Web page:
But there's good news! It turns out that if you set the wheel close enough to $\frac{1}{3}$, the arrow always goes off at around $40$ degrees—unless you put the wheel at exactly $\frac{1}{3}$, of course, but nobody's unlucky enough to do that by accident. Even better: the closer the wheel is to $\frac{1}{3}$, the closer the arrow goes to $40$ degrees. So, with practice, you can set the wheel near enough $\frac{1}{3}$ to hit any creature that wanders across the $40$-degree mark, no matter how skinny it is. The wizard got real excited about that when I showed him, started slapping his knees and laughing, "Oh, of course that trickster would have! Yes, $$\lim_{x \to \frac{1}{3}} f(x) = 40,$$ that's brilliant!" I don't see why it's funny, but I'm grateful for it: it's what makes the crossbow usable, for ordinary folks like me.

Now, there's some places where the news is not so good. As you turn the wheel toward $\frac{3}{4}$, for example, the bow waggles back and forth between $-15$ and $-10$ degrees, and only sheer luck or magic can aim it any better than that. There's no point you can home in on by getting the wheel close enough to $\frac{3}{4}$. The wizard's eyes gleamed when he saw that. "Ah, looks like $f$ doesn't have a limit at $\frac{3}{4}$. A place where a function has no limit—that's where real magic can happen." I never understood that either, but I was reminded of it years later, during a terrible battle. A whole column of goblins was marching up that pass between $-15$ and $-10$ degrees, and poor Robin with her arm all mangled could barely turn the wheel, but she said "Just put it as close as you can to $\frac{3}{4}$, and I'll do the rest." So we did, and she mowed them all down without hardly touching the wheel. Yeah, sometimes I think this bow wasn't made for clumsy hands like ours.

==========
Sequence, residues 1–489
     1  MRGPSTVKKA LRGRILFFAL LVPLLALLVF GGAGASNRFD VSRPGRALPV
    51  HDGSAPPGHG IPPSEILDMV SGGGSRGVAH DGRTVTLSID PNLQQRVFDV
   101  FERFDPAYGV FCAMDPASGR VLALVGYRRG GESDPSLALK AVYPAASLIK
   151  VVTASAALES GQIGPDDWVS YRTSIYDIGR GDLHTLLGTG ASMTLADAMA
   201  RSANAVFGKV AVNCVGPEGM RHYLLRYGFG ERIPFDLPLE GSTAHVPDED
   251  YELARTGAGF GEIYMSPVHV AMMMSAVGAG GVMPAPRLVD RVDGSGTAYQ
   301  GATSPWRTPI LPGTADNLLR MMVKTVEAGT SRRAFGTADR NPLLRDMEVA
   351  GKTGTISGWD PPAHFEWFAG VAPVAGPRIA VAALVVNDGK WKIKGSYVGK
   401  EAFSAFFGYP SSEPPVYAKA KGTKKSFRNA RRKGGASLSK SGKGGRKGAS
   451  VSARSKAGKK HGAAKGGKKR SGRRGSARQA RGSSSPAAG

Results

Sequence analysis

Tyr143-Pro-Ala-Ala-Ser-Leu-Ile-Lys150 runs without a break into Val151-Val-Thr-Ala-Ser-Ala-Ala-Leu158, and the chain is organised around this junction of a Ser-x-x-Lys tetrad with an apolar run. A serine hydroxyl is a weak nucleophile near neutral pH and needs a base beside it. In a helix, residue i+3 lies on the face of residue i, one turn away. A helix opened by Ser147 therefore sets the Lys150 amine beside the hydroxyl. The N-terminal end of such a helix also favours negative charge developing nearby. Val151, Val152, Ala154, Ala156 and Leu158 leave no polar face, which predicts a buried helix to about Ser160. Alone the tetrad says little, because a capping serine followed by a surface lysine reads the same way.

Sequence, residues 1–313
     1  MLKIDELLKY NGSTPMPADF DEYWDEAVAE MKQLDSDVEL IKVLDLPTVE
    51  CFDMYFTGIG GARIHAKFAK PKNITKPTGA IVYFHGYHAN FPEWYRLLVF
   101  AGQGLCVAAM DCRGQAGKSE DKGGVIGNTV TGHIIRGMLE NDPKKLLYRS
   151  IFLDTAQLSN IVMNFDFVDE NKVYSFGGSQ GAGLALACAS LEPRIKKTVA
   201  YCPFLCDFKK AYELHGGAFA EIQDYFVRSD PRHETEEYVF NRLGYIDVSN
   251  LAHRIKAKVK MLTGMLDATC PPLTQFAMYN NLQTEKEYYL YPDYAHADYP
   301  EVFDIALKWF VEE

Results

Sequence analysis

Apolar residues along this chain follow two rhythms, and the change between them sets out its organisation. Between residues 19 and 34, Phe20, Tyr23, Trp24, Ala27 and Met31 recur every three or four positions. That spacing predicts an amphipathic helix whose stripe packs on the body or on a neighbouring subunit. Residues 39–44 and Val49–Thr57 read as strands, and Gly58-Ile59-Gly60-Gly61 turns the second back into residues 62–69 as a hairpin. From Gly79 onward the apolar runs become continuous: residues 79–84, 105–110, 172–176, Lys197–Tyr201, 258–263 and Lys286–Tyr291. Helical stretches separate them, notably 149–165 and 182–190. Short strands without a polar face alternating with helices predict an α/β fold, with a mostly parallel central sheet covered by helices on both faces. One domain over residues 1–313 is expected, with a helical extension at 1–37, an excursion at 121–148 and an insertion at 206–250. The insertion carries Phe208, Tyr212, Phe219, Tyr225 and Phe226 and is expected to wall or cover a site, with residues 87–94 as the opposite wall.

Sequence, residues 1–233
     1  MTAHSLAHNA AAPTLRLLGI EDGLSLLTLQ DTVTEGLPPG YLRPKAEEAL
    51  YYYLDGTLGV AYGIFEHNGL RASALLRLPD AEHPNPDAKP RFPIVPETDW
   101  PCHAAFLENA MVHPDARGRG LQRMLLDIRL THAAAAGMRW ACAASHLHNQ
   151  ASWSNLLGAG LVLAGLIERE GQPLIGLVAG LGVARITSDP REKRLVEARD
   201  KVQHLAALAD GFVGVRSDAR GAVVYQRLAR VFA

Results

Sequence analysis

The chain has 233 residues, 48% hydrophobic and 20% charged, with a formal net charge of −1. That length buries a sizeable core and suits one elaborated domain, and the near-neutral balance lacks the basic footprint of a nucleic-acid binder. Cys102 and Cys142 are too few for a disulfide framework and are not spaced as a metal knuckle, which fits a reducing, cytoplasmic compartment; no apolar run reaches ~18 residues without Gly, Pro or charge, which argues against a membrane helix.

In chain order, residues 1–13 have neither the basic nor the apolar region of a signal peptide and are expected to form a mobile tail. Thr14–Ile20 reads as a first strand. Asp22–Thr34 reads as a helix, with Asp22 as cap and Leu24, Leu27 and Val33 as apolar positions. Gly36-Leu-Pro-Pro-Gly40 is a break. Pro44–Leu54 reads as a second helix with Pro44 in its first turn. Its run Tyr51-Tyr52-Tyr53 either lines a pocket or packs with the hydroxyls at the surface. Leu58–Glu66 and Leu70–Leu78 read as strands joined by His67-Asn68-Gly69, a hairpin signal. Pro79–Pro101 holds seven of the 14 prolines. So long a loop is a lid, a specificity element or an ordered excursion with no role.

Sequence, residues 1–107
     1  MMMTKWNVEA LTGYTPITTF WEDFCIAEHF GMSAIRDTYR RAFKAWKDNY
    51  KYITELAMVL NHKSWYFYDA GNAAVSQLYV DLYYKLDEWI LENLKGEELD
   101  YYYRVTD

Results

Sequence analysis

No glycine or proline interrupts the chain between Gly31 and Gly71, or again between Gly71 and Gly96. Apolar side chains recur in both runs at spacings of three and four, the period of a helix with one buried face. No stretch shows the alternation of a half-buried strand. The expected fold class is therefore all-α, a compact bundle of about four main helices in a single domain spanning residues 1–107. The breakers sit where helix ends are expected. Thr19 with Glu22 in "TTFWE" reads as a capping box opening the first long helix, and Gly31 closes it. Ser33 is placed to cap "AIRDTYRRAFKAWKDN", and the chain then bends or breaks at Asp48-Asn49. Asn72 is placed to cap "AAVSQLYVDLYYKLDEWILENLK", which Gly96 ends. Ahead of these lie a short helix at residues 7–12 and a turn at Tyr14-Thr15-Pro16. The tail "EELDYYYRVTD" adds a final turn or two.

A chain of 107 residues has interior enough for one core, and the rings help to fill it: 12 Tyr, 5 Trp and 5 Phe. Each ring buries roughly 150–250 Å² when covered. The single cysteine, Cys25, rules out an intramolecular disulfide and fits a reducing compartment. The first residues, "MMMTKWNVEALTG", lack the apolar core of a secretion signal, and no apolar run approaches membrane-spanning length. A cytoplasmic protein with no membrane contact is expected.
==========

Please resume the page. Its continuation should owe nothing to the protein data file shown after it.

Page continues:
Well, let's not dwell on that. I'll put the wheel somewhere more sensible. How about $\frac{1}{2}$, that's a fun one! Here, try setting the wheel at almost $\frac{1}{2}$, but just a hair off to the left. You can see the bow's at nearly $-90$ degrees. Now, tap the wheel over so it's still at almost $\frac{1}{2}$, but just a hair off to the right. Now the bow's at nearly $90$ degrees! As the wheel closes in on $\frac{1}{2}$, the bow closes in on $-90$ degrees if you come from the left, and $90$ degrees if you come from the right. With practice, you can hit any creature that steps across the $-90$-degree mark or the $90$-degree mark by setting the wheel close enough to $\frac{1}{2}$; you just have to be careful about which side of $\frac{1}{2}$ you're on. The wizard muttered something complicated about that, like, "Technically $f$ has no limit at $\frac{1}{2}$ either, but it's got the left and right limits $$ \lim_{x \to \frac{1}{2}{}^-} f(x) = -90 \qquad\text{and}\qquad \lim_{x \to \frac{1}{2}{}^+} f(x) = 90, $$ so it's hardly any trouble for you."

It'll be dark soon; you'd better head inside. If you go to the library, you'll find some stuff the wizard left—pictures and scraps of writing he said our crossbow reminded him of, though it's hard to see how.

$\frac{1}{3}$ x | $\frac{3}{4}$ x x | $\frac{1}{2}$ x x x x

No, it's been lovely, but I'm staying out here. Someone's got to turn that wheel.

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  • $\begingroup$ This is pretty well written, and highly underrated! $\endgroup$ – Mateen Ulhaq Aug 2 '15 at 9:52
  • $\begingroup$ @MateenUlhaq, I'm glad you enjoyed it! $\endgroup$ – Vectornaut Aug 3 '15 at 3:03